Berkley accepts that many rich countries will make their own agreements with manufacturers. But subscribing to COVAX is also an insurance policy, he says. If the vaccines they have invested in do not materialize, they would still have access to others through COVAX, although only enough for 20% of their populations. The money they invest will be used to guarantee lower prices for the poorest countries. Separately, COVAX's Advanced Market Commitment is collecting donations from higher-income countries. GAVI says COVAX will need $ 2 billion in donations to pay for the vaccine doses in 90 countries. "We are trying to do everything possible to have a global approach because we believe that it is the right thing from the point of view of science and from the point of view of equity," says Berkley.
COVAX plans to spread its own risk by investing in a variety of vaccine strategies. Single-dose vaccines might be easier to administer in refugee camps, for example, while a double-dose regimen might work well in a European doctor's office. Some vaccines are based on new technologies, creating more uncertainty about regulatory approval and manufacturing capacity. COVAX also hopes to obtain its vaccines from companies in different places, so that no country can prevent them from being exported.
COVAX is a smart way to try to hold the interests of different countries together, says David Fidler, deputy member of global health at the Council on Foreign Relations. "Even from the point of view of self-interest that governments often have, you can see why this would look attractive," he says. "They don't ignore political reality." But he is concerned that countries may hesitate to sign up, and that those who do so may withdraw from the deal once the fight over doses begins.
So far, more than 70 countries planning to fund their own vaccine have expressed interest in subscribing to COVAX. (They must formally commit by the end of August and provide an advance of 15% of the total amount). Whether they will materialize is another matter. Some countries in the European Union, which often emphasize the importance of global solidarity, have indicated that they intend to donate money, but cannot order vaccines through COVAX. "When it comes to acquiring doses for themselves, we are still actively discussing with them," says Hatchett. "There are models we could work on together."
Nkengasong says Africa also needs to explore other avenues. "We welcome the arrangement of the COVAX Facility, but we cannot wait for the discussions in Geneva," he says. "We have to take charge of our own destiny." At a meeting of the African Union in late June, South African President Cyril Ramaphosa called on leaders to secure vaccine supplies for the continent and ensure that the vaccines are manufactured there. Nkengasong says African governments are reaching out to banks to finance deals with pharmaceutical companies similar to those signed by the United States. "We need to unite as a continent of 1.3 billion people so as not to be left behind."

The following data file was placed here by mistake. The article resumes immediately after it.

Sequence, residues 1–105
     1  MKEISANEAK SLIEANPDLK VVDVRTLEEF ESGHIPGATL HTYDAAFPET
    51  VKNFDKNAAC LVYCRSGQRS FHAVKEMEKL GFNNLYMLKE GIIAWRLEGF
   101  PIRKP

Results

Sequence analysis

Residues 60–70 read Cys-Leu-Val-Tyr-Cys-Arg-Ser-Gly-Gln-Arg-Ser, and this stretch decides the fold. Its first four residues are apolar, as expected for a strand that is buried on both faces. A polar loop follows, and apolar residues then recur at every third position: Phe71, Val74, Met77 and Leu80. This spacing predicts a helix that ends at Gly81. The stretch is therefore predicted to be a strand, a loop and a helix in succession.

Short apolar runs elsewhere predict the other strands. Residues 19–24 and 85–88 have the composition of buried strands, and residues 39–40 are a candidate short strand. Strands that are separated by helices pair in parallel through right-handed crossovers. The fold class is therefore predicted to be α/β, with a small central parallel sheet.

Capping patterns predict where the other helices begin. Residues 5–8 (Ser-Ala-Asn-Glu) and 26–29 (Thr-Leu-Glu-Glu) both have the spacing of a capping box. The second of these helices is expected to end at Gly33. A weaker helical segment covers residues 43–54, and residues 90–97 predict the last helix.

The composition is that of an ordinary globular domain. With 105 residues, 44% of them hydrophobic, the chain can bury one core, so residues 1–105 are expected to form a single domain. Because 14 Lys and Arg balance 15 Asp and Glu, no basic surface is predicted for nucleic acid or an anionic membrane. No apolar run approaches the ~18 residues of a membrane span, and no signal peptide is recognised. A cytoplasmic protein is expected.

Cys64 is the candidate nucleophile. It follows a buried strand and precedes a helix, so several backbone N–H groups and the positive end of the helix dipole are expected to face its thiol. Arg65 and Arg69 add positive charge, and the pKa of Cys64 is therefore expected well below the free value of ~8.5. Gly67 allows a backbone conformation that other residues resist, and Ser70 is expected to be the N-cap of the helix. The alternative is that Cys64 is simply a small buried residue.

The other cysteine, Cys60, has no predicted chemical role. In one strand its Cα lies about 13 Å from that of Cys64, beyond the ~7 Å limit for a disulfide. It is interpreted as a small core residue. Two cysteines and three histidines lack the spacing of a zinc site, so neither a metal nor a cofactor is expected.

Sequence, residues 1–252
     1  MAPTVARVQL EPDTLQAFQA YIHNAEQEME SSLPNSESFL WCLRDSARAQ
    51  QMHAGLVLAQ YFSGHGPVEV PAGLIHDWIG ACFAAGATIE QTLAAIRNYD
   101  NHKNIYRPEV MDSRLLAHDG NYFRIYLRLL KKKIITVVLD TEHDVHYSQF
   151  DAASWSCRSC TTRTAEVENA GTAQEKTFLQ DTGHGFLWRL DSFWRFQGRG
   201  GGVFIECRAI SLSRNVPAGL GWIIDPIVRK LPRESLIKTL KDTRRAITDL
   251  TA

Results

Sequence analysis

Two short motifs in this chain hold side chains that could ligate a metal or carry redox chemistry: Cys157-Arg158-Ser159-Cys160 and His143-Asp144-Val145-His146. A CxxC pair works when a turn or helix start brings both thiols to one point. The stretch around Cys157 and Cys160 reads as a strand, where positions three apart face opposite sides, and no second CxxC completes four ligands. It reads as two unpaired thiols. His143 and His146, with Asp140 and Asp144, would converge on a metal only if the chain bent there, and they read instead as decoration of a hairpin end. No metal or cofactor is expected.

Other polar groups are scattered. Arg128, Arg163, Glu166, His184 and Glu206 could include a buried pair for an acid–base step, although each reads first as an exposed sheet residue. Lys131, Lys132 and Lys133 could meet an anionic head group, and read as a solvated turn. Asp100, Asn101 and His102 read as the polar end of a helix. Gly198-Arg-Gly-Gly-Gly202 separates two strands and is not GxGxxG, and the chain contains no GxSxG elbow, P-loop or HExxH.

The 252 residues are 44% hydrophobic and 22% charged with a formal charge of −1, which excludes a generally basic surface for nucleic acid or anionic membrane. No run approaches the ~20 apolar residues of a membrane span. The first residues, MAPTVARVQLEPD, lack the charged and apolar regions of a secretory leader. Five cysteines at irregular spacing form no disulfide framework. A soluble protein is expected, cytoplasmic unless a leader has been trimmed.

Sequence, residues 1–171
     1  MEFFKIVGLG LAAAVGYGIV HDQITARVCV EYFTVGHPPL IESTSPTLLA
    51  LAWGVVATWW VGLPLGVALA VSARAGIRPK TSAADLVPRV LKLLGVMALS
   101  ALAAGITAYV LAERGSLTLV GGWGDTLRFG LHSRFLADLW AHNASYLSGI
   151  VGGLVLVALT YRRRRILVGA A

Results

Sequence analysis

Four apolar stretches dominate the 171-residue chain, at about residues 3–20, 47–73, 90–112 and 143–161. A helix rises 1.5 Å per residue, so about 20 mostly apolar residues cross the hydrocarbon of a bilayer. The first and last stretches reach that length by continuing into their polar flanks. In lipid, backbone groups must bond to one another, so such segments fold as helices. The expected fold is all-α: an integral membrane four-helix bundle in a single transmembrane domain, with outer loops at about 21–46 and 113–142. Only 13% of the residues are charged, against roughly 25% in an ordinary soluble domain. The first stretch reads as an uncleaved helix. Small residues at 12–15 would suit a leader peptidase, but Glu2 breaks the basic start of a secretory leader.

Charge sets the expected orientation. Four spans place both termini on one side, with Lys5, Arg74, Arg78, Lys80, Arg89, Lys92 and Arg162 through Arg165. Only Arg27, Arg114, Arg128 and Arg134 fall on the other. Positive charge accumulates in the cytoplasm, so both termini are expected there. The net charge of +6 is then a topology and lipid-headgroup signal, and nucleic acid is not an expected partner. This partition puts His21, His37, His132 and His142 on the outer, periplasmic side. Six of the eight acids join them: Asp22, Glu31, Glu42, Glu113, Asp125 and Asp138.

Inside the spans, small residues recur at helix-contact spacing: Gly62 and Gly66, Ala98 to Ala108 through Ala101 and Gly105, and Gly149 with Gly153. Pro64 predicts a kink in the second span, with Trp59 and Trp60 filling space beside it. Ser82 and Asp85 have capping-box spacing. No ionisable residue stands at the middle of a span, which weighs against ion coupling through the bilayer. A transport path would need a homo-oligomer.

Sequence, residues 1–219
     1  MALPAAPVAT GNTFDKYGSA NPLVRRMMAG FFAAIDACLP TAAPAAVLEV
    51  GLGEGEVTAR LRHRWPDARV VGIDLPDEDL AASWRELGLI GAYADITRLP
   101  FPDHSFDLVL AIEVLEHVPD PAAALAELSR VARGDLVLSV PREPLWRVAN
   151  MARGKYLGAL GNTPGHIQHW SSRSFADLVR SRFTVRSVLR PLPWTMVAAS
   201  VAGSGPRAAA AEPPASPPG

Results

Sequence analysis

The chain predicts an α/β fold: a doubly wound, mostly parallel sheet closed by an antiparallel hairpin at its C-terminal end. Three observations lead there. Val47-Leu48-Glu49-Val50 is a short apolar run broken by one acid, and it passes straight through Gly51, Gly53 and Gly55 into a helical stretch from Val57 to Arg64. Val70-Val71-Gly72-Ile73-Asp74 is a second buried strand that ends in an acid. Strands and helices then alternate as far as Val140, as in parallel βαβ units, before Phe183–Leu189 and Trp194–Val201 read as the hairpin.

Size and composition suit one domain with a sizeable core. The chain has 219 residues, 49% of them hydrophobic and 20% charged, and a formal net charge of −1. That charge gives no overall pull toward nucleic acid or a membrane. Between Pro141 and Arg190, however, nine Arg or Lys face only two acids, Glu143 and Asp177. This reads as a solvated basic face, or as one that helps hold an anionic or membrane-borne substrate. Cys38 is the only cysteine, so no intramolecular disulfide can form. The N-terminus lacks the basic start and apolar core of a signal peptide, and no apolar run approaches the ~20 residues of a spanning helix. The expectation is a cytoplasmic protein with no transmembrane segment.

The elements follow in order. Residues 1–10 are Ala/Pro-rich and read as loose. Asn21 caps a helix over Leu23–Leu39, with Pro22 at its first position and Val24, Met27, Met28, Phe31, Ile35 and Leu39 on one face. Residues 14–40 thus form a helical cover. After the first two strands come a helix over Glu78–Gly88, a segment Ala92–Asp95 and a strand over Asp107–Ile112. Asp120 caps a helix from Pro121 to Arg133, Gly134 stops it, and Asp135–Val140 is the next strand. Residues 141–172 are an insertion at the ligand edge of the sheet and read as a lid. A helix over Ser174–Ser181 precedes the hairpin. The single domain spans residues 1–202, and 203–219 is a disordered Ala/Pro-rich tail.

Kate Elder, a vaccine expert at the Doctors Without Borders Access Campaign, sees COVAX as perhaps the best option for an equitable distribution of vaccines, but says it should be more transparent. "How did you choose AstraZeneca? What conditions are there in the agreement with AstraZeneca if the company does not meet the volume commitments? she asks. "None of the conditions surrounding it are known." Both COVAX and governments should also make sure that funded vaccine producers make their data available to any company that wants to use it, '' Hoen adds. "I am very concerned that they are doing this unconditionally, that the knowledge that is developed with these public funds is not publicly available for others to use," she says.
What is most needed for COVAX to function is political commitment at the highest levels of government, says Alexandra Phelan, a lawyer at Georgetown University who specializes in global health. Without "a great deal of international effort," for example, at the United Nations or the G-20, the first doses of vaccines are unlikely to reach those who need them most, Phelan says. "It will be slow, it will be inadequate and there will be unnecessary deaths."